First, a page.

In the first half of today’s class, we had Wall Street Journal‘s business and technology journalist Lora Kolodny speaking with us on Skype from San Francisco. I know Lora because I subscribe to her Facebook updates and sometime participate in the discussion. Considering that she has written for big names as New York Times, Fast Company, Inc, and TechCrunch, it is a great surprise that she is so approachable!
I invited Lora to speak with our students on primarily two topics–the social media start-up scenario and advice on starting your own business. The call went on for about an hour so I won’t be able to cover everything we spoke about. However, here are a few takeaways from her talk-
1) Although social media companies are getting a beating in the stock market, VC interest in social media start-ups remains high.
2) Any new platform, service, etc. must have a clear mobile strategy.
3) Social media adoption in Asia is growing rapidly.
4) For new start-ups, it is essential to evaluate whether they need large investment. Further, creating a personal brand is critical to reach out to potential investors. She suggested joining newer platforms early to create a significant following. Lora has more than 110,000 subscribers on Facebook!
5) She suggested using services like YouNoodle to connect to other entrepreneurs.
My students could add more to this.
The second half of the session was devoted to discussing the ‘Honeycomb Framework’ for selecting and managing various social media channels. The paper is available for download from here and a case study from Australia is available here. Ian MacCarthy, one of the authors of this paper explains what they propose –
“We explain how a firm can recognize and understand its social media landscape, using the honeycomb framework; develop strategies that are congruent with, or suited to, different social media functionalities and the goals of the firm; develop curating strategies for their own social media interactions and content; and finally use the honeycomb structure as a tool to evaluate the constantly changing social media activity.”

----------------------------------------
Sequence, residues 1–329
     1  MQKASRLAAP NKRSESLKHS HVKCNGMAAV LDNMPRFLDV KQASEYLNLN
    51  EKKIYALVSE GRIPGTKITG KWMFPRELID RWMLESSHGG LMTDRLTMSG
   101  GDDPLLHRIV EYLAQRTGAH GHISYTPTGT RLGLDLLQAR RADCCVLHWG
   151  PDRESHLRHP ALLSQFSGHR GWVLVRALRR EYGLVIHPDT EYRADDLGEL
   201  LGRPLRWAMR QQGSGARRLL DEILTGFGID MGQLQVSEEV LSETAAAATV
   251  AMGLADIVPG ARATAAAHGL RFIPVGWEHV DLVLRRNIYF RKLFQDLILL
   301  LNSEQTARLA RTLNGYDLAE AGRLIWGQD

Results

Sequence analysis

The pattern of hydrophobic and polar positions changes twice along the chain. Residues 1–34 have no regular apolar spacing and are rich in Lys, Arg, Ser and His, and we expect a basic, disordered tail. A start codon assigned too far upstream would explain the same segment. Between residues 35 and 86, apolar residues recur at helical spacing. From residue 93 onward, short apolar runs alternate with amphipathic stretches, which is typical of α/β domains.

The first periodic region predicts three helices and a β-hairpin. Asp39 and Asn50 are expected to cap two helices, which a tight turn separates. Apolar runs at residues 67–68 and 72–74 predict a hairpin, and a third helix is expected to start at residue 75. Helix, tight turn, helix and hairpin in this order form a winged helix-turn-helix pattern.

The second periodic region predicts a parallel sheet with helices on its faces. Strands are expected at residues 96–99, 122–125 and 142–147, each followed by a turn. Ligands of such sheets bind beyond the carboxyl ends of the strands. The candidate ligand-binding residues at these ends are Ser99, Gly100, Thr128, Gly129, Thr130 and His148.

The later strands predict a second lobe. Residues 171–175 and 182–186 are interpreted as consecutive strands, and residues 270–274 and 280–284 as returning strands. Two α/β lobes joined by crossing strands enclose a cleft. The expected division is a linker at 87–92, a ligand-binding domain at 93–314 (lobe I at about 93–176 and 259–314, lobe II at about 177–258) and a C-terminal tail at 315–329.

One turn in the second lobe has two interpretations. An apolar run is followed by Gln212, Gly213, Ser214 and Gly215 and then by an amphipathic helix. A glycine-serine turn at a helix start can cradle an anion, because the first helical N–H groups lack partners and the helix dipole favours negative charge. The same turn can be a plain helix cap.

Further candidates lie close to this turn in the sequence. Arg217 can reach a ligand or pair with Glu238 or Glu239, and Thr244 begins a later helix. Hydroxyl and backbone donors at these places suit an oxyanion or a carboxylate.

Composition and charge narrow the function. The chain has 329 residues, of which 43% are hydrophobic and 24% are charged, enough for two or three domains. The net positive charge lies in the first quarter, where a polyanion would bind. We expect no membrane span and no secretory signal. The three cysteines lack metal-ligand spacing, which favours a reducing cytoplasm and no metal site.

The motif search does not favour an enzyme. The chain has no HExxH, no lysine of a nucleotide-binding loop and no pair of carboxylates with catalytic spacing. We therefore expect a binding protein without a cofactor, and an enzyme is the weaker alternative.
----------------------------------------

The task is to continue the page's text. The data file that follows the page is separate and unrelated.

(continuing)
Honeycomb framework identifies seven components of social media – identity, sharing, conversations, presence, relationships, reputation, and groups. The diagram below shows what each component means.
The framework give clear guidance to selecting a social media channel. As a business you need to decide what your community is doing and what the community members’ inherent motivations are. Accordingly, one can select the social media channel. For example, LinkedIn has ‘Identity’ as its clear functionality. I know there are a few users on LinkedIn who are anonymous! Yeah, I keep on getting add requests from such people. But what’s the chance that I will ever accept such a request? If one doesn’t reveal one’s identity on LinkedIn, it defeats the whole purpose of that social network!
Social networks may have multiple functionalities. Consider Twitter. Originally, Twitter was used for broadcasting the message–sharing on the go. Therefore, ‘Sharing’ was its core functionality. However, these days Twitter also acts as a very common conversational tool. Therefore, ‘Conversations’ is an added core functionality to Twitter. The readers should think about other channels such as Facebook, FourSquare, Pinterest, blogs, etc. to see how they fit into this framework.
Once a business identifies the channel, it can use the following diagram to operationalize the channel management. The implications can be different based on the functionality a channel offers. For example, for reputation management, one needs to do a lot of monitoring using tools such as Klout scores.
Overall, honeycomb framework is great for channel selection and community management.
In the last leg of the session, I tried to answer the question “why do people share?” I used ‘Unselfish Gene‘ article to show one perspective. We know for a long time that the classic game ‘prisoner’s dilemma‘ doesn’t always end up with everyone choosing the game-theoretical solution. In other words people don’t like to betray others easily. Reputational concerns aside, human values are equally important in sharing something for the community’s good. Unselfish Gene tries to bring home that point.